The yellow flowers of spring signal the time to think about white wines, and one I always love is Sancerre, like the 2008 André Neveu Les Monts Damnés.
Winemaker André Neveu is the seventh generation of his family to produce Sancerre in the village of Chavignol. Consumers might be more familiar with the village for its goat cheese, Crottin de Chavignol, than its wine, but that will surely change with a glass of Neveu’s Sancerre.
A few weeks ago, I tasted two Neveu Sancerres, Le Grand Fricambault and Les Monts Damnés, with Michael Peters at the Brass Rail in Hoboken. Some readers might be familiar with both names, as Michael Peters was the talented chef-owner of the Brass Rail during the 1980s. He went on to have a distinguished career with restaurants in Morristown. Recently retired from that never-ending work schedule, he is selling wine for a high-quality French importer that offers the André Neveu wines.
The 2008 Le Grand Fricambault is a full-body white wine with a bushel of fruit. It offers attractive lemon and melon aromas and flavors; Sancerre’s natural acidity runs behind the rich fruit giving the wine excellent balance and length. Le Grand Fricambault will satisfy any white wine drinker. But the 2008 Les Monts Damnés is at another level.
Simply put, it is one of the best Sancerre wines I have ever had. A huge pineapple and fruit cocktail aroma billows from the glass like a Hawaiian orchard. The palate gets a Pacific Rim treatment of papaya and mango flavors with an intensity normally associated with fruit sorbets. Wines this full and rich are usually not balanced, but Neveu’s son-in-law, Thomas Dezat, made the wine with a great mineral and citrus backbone that adds complexity while providing balance. It is a remarkable wine.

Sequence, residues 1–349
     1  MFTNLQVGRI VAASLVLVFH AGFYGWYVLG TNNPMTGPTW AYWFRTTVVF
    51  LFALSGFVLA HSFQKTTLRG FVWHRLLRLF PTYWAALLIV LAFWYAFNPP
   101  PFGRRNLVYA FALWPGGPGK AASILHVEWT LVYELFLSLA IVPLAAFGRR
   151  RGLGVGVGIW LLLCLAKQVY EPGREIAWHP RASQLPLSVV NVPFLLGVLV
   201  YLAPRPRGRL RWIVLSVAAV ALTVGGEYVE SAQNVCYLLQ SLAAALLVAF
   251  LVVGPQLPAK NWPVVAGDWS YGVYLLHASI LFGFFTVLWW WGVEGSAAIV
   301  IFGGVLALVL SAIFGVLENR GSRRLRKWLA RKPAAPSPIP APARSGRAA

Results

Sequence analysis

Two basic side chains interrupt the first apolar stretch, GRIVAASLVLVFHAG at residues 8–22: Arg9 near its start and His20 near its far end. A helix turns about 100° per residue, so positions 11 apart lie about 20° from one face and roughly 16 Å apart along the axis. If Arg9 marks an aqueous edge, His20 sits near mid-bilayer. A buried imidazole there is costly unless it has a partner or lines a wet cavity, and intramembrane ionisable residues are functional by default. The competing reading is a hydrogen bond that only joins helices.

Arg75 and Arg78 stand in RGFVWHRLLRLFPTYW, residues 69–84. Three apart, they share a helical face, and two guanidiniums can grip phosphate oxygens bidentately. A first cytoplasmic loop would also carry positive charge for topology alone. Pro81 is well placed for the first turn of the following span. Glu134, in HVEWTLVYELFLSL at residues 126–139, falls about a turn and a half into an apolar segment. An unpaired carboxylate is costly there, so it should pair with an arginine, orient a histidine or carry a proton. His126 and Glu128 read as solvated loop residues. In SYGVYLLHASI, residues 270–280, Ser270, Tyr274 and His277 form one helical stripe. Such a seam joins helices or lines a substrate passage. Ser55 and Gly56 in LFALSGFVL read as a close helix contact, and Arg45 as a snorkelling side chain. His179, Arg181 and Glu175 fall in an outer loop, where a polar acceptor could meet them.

Les Monts Damnés means “the damned mountains,” and the wine earned its name because of the vineyard’s steepness. Often vineyard workers slide down the mountain on a cushion than risk tumbling down it on foot. Once at the bottom, a glass of the 2008 André Neveu Les Monts Damnés Sancerre with some Crottin de Chavignol spread on a baguette would be a pleasant reward for arriving in one piece.
Aging Sancerre is not something most wine drinkers consider, but the 2008 Neveu Les Monts Damnés is an excellent candidate for cellaring. Buy a case and put most of it in your cellar to be enjoyed beginning in 2013. With the remaining bottles, treat yourself and friends this summer along with grilled chicken breasts, pork chops, or salmon. Pasta with garden broccoli, diced New Jersey tomatoes and nuggets of Chavignol goat cheese, drizzled with extra-virgin olive oil, will be a good partner, too.
Or just sit on a cushion and watch the sun set over a mountain while sipping the wine and picturing the pickers sliding down Les Monts Damnés holding their basket full of grapes.
The 2008 Le Grand Fricambault retails for approximately $23; the 2008 Les Monts Damnés is about $25.
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